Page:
The building sector is a major contributor to energy consumption, greenhouse gas (GHG)emissions, and depletion of natural resources. In developed countries, existing buildingsrepresent the majority of the stock, their low-carbon refurbishment hence being one of themost sensible ways to mitigate GHG emissions and reduce environmental impacts of theconstruction sector. This article has investigated and established the GHG and non-GHG lifecycle impacts of several double skin fac¸ade (DSF) configurations for office refurbishmentsby means of a parametric comparative life cycle assessment against up-to-standard singleskin fac¸ade (SSF) refurbishment solutions. Two different methods were used to assessboth GHG emissions and other environmental impacts. Results show that if, on the onehand, most of the DSF configurations assessed actually reduce GHG emissions comparedto SSFs over their life cycle-thus supporting a wider adoption of DSFs for low-carbonrefurbishments-on the other hand, there exist non-negligible ecological and environmentalimpacts that the DSF generates, specifically in terms of some materials of the structure andtheir final disposal. Research attention is thus needed regarding the environmental impactsof the materials used for DSFs and not only in minimizing the energy consumption of theoperational phase.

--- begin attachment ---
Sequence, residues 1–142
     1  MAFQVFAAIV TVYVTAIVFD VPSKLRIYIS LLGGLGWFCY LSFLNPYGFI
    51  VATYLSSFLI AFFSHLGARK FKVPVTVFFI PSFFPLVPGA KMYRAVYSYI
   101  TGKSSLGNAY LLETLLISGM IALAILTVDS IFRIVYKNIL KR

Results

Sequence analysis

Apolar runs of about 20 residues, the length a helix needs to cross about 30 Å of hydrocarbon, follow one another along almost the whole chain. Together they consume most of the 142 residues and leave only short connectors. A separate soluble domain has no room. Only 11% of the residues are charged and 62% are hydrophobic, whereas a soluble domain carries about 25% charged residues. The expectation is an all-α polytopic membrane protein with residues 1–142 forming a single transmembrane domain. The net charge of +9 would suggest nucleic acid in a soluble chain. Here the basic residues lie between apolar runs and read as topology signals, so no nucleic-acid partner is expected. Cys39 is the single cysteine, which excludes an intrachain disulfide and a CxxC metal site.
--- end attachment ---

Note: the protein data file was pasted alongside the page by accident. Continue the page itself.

|Number of pages||15|
|Journal||Journal of Industrial Ecology|
|Publication status||Published - 1 Jan 2015|
Bibliographical noteThis is the peer reviewed version of the following article: Pomponi, F., Piroozfar, P. A.E. and Farr, E. R.P. (2015), An Investigation into GHG and non-GHG Impacts of Double Skin Façades in Office Refurbishments. Journal of Industrial Ecology, which has been published in final form at http://onlinelibrary.wiley.com/doi/10.1111/jiec.12368/abstract. This article may be used for non-commercial purposes in accordance with Wiley Terms and Conditions for Self-Archiving.
- building energy use
- demand-side technology
- double skin façade
- environmental impact assessment
- life cycle assessment (LCA)
- low-carbon refurbishment